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OTC Markets Blog

Latest commentary on Market Structure, Compliance, Small Cap and Reg A+ issues, including insights on the news and trends that affect the public markets.

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Market Structure

Understanding Blue Sky Laws

The OTC equity market operates within a unique, often complex regulatory environment.  While much of the securities industry focuses solely on federal laws and regulation, the companies, broker-dealers, investors and others comprising the OTC market must understand the impact of state “Blue Sky” laws as well.  Continue reading “Understanding Blue Sky Laws”

Set out on a journey and make your mark… OTCQX Blue Sky Recognition Expands to 25 States

Utah recently became the 25th state to recognize the OTCQX Best Market under its “Blue Sky Manual Exemption” for secondary trading.  Just one year after Vermont first recognized OTCQX, reaching half of the 50 states marks a pivotal milestone in our quest to achieve national Blue Sky recognition.  The addition of Utah followed recent recognitions from Delaware, West Virginia, Indiana and Maine.     Continue reading “Set out on a journey and make your mark… OTCQX Blue Sky Recognition Expands to 25 States”

Leveraging the high demand of Community Bank stocks

“The OTCQX Banks Index, a benchmark for community banks traded on the OTCQX market, gained 30 percent in the past 12 months, compared to 15 percent for the S&P 500.  How can community banks leverage this positive trend and deliver greater value to their shareholders? Continue reading “Leveraging the high demand of Community Bank stocks”

How Can We Take the Pain Out of Being Public? Part II

In a previous blog post, I talked about some of the “pains” associated with a being an exchange-listed company today.  Not only does it cost $2.5 million to do an IPO onto a U.S. exchange, it costs on average $1.5 million per year in legal, accounting, advisory and compliance costs to maintain an exchange listing, according to a 2011 study by the IPO Task Force. Continue reading “How Can We Take the Pain Out of Being Public? Part II”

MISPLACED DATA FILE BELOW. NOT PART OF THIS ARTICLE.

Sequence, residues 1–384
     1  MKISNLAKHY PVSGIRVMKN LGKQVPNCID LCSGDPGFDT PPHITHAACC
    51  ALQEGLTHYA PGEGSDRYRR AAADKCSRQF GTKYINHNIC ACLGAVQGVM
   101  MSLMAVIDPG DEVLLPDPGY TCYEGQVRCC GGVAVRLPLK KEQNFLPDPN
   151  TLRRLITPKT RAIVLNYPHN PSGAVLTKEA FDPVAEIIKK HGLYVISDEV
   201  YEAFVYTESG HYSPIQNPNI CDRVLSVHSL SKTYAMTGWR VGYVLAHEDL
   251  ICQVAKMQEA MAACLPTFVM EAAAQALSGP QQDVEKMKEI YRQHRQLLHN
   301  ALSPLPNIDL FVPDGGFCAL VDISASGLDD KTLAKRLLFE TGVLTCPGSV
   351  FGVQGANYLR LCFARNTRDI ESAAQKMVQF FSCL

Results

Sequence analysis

Let Public Companies Sell Shares in the Public Markets

If we want growing companies to go public, we need our public markets to be a competitive source of growth capital. One easy solution is to let public companies sell their shares in the same way they can now buy them back: through brokers directly into their established public markets. Continue reading “Let Public Companies Sell Shares in the Public Markets”

Addressing the SEC White Paper on OTC Equities

The SEC recently published a paper on OTC equity securities on their website. While I am always happy to see more research around OTC equities, I am surprised by the paper’s overly negative and misinformed conclusions about the growth in OTC dollar volumes. Continue reading “Addressing the SEC White Paper on OTC Equities”

How Can We Take the Pain Out of Being Public?

A key driver of the American economy is the capital formation process that fosters innovation and new enterprises.   Entrepreneurs raise capital to grow their business, innovate and create jobs.  For many smaller companies, the expectation is to conduct an Initial Public Offering (IPO) and list on a stock exchange – hoping to build liquidity and visibility, and ultimately, long term shareholder value. Continue reading “How Can We Take the Pain Out of Being Public?”

Don’t Be Pound Foolish

Which US Equity Market has the largest number of securities NOT considered Penny Stocks according to SEC Rule 3a51-1? Based on the location of this post, you should be able to guess…. but that should make it no less surprising.  The numbers speak for themselves: Continue reading “Don’t Be Pound Foolish”

What it means to be a Venture Market

Public venture markets play a vital role in fostering capital formation and driving growth for early stage companies.  Just look at the London Stock Exchange’s AIM market, which since its launch has served over 3,600 venture stage companies, or the Toronto Stock Exchange’s TSX Venture Exchange that supports growing companies from the mining and energy sectors. Continue reading “What it means to be a Venture Market”

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